It remains to be seen how well Leach’s Air Raid will translate to the SEC, but his track record as arguably the best offensive mind in the sport is second to none. His programs might not have the ceiling of others in the top 10, but in terms of someone being able to step into any situation and elevate a basement program, Leach is as proven as there is in the business.

8. Jimbo Fisher, Texas A&M

This is such a challenging rank on a variety of levels because Fisher is responsible for one of the greatest single-season performances in college football history. His 2013 Florida State team was up there for most dominant champions ever. That’ll probably keep Fisher in the top 10 as long as he’s under contract at Texas A&M.

But nearly 7 years removed from that, I’d argue that it’s been somewhat disappointing. During the 6 years of the Playoff era, Fisher has 1 New Year’s 6 bowl victory and he has 3 finishes outside the top 15. After winning that overtime game against Clemson with Jameis Winston suspended back in 2014, Fisher is 0-8 against Clemson and Alabama. His teams simply have not been on Dabo Swinney or Nick Saban’s level. In the first 4 years of the Playoff era, that was the standard he was expected to measure up to. Some would say a $75 million check at a place with all the resources possible means that Fisher’s success should still be measured against those 2.

This is an extremely pivotal year for Fisher at Texas A&M. It’s been 5 years since his teams had any sort of Playoff shot in mid-October. Now would be an ideal time to get some of that early-2010s FSU juice back.

7. Brian Kelly, Notre Dame

I think that we as college football fans assume that it’s easier to win at Notre Dame than it really is. Sure, the history is there. The uniforms are iconic. The list of successful pros speaks for itself. But in the TV rights era when so many teams have caught up to Notre Dame or even passed the program in terms of revenue, we tend to downplay the modern challenges of that job with those academic hurdles.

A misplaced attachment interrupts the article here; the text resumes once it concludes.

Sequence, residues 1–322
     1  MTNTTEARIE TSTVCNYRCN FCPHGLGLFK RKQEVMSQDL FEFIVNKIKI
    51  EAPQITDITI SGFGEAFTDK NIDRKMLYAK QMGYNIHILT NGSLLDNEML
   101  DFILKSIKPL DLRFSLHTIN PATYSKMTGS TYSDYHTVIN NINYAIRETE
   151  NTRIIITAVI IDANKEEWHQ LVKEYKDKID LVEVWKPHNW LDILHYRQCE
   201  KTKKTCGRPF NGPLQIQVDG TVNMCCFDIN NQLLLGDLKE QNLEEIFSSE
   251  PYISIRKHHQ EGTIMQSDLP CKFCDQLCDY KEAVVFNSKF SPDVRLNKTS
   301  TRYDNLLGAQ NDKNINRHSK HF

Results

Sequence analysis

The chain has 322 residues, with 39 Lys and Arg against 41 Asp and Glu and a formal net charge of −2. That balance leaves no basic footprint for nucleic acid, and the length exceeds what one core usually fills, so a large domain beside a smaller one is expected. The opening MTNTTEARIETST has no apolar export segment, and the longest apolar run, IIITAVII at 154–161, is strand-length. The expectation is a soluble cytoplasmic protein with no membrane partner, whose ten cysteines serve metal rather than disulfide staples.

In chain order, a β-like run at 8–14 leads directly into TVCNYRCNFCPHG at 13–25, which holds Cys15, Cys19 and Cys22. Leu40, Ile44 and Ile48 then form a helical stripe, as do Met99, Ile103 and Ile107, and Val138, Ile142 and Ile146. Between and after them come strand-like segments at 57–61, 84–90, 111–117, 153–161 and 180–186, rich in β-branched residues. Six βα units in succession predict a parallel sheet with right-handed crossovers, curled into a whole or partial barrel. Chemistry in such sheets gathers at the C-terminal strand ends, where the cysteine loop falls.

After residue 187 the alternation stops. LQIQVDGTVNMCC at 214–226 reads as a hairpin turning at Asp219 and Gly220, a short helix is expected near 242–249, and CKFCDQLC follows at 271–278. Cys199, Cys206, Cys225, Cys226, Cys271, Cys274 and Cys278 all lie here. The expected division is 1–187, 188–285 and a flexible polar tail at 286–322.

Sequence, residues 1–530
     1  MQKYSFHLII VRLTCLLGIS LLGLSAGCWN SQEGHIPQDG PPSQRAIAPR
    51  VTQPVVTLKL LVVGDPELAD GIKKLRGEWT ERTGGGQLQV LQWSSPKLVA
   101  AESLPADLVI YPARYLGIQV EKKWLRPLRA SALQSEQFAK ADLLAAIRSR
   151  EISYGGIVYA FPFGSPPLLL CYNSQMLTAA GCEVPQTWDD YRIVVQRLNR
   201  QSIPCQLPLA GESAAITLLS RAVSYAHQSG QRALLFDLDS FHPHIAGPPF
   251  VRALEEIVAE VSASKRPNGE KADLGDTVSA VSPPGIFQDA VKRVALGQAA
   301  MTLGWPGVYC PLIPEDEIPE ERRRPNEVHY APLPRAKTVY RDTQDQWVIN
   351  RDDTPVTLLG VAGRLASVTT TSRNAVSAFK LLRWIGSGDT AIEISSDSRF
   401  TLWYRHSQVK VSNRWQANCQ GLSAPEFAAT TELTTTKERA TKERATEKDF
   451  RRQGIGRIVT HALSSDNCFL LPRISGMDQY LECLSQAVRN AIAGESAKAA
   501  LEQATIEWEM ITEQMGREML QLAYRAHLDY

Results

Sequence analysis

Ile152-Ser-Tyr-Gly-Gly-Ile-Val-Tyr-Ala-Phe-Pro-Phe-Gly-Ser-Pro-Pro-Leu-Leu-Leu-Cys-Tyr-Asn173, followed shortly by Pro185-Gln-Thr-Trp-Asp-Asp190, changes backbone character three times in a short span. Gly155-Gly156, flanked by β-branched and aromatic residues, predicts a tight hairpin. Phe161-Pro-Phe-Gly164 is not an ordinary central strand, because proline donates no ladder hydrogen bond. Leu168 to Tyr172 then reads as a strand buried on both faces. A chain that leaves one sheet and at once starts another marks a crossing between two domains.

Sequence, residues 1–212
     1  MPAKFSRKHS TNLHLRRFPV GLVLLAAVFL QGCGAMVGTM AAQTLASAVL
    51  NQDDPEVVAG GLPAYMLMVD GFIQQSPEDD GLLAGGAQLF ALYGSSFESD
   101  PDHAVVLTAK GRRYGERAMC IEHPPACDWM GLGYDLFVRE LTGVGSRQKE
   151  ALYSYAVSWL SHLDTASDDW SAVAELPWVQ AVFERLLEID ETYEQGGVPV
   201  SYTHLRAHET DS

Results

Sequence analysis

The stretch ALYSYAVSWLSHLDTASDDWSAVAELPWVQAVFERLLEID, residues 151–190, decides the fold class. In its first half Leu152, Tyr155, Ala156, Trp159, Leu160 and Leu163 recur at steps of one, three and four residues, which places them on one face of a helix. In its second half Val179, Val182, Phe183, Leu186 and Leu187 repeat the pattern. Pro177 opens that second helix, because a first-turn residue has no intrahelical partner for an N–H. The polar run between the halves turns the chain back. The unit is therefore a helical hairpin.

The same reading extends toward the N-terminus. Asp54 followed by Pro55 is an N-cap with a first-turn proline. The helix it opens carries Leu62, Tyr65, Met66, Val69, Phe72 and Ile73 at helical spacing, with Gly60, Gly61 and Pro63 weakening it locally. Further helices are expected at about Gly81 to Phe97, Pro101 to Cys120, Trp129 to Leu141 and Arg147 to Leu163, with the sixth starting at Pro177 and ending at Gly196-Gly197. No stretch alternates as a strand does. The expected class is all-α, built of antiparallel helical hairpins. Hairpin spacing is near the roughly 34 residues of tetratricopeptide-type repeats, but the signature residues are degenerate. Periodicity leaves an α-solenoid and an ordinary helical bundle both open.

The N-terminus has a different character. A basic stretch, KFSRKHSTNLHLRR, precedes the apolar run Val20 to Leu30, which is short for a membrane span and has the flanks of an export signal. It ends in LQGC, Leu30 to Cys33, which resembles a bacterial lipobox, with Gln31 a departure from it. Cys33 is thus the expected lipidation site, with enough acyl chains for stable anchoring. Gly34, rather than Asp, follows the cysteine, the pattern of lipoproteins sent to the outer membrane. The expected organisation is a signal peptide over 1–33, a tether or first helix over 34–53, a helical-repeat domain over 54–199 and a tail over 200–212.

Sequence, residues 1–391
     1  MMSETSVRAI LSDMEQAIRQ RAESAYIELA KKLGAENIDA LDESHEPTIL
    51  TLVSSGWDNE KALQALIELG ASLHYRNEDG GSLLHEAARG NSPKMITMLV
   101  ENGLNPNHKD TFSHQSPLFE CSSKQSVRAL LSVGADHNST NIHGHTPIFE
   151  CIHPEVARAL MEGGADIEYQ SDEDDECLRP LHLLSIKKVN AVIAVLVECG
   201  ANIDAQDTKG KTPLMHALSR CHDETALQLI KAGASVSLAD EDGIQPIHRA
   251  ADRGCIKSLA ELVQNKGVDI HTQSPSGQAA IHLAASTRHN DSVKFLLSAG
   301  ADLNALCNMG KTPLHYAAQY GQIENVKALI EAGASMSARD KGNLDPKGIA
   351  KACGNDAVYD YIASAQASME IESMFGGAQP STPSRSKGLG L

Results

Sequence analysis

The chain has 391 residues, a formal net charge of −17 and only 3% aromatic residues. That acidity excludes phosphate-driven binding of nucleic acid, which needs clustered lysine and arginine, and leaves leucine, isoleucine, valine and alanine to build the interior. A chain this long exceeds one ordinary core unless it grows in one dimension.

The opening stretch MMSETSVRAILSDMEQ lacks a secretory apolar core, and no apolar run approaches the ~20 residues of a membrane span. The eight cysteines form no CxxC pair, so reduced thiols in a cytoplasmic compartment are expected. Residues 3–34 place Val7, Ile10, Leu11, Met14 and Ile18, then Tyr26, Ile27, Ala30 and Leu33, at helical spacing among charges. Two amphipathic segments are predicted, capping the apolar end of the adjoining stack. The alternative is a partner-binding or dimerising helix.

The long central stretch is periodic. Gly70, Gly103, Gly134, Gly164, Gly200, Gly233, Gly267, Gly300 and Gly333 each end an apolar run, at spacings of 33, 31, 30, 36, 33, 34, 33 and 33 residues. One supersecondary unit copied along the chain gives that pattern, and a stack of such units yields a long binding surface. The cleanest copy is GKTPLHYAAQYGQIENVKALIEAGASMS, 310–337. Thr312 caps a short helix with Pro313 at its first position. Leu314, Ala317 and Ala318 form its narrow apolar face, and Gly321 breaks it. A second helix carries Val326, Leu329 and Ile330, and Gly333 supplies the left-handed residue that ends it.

Kelly, despite his somewhat annual spot on national hot-seat lists, has been better than you probably realize. He averaged 11 wins the past 3 seasons. He’s 33-6, and all of those losses came against ranked teams. The 2017 thriller against eventual runner-up Georgia was the only loss in South Bend. Kelly did that despite the fact that Fisher poached Mike Elko off his defense, and Notre Dame had 7 offensive players drafted in 2018 and 2019. What Kelly has done since that disastrous 2016 season is impressive.

As long as Saban and Swinney are around, no, I don’t expect the Irish to get on that level, but that shouldn’t take away from an incredibly successful body of work that Kelly put together in South Bend.

6. Lincoln Riley, Oklahoma

There’s a case to be made that Riley, after 3 years on the job, already is a top-5 coach. In fact, most doing any sort of a ranking would say that’s a lock. The guy produced 2 Heisman Trophy winners, and Jalen Hurts was the runner-up in 2019. Three consecutive Big 12 titles and Playoff berths are no joke. If there were a draft for coaches you could have for the next 10 years, Riley is probably 1 of the first 3 picks.

But here’s the thing that holds me back from putting Riley into the top 5. Despite all of that talent at the quarterback position, he lost to 3 different SEC teams with the season on the line. That LSU game was astonishing. A month to prepare and Riley’s team looked like a Group of 5 squad, which was night and day compared to what Florida did to actually play a competitive game at night in Death Valley.

I do wonder if we’ve seen Riley’s ceiling, which isn’t to say 3 consecutive Playoff berths isn’t worth celebrating. It absolutely is. Riley is an elite coach. But last year at least made me question what his 3-year résumé would look like in the SEC.

5. Dan Mullen, Florida

I’m higher on Mullen than you are. I know. What about the lack of success against Top 25 opponents? How can he be a top-5 coach nationally if he’s never won a division title? Is he ever going to recruit like Kirby Smart? I get it. I get all of it.

There are a few things that stand out with Mullen. One, he’s the best coach in Mississippi State history and you can’t convince me otherwise. Mullen took a program that finished inside the top 20 once in the previous 28 years and then did so 3 times in 9 years. Eight consecutive bowl berths at a place with consecutive bowls on just 3 other occasions is a darn impressive feat.

And at Florida, Mullen just became the first coach to win consecutive BCS/New Year’s 6 bowls in his first 2 years on the job. As in, he was the first coach in all of college football to do that. He did that despite the fact that his starting quarterback suffered a season-ending injury in September, and he turned to Kyle Trask, who hadn’t started a game since 9th grade. Compare that to Florida State or Michigan in 2017. Fisher and Harbaugh couldn’t recover after their starting quarterbacks went down early. Great coaches find a way. Mullen did that.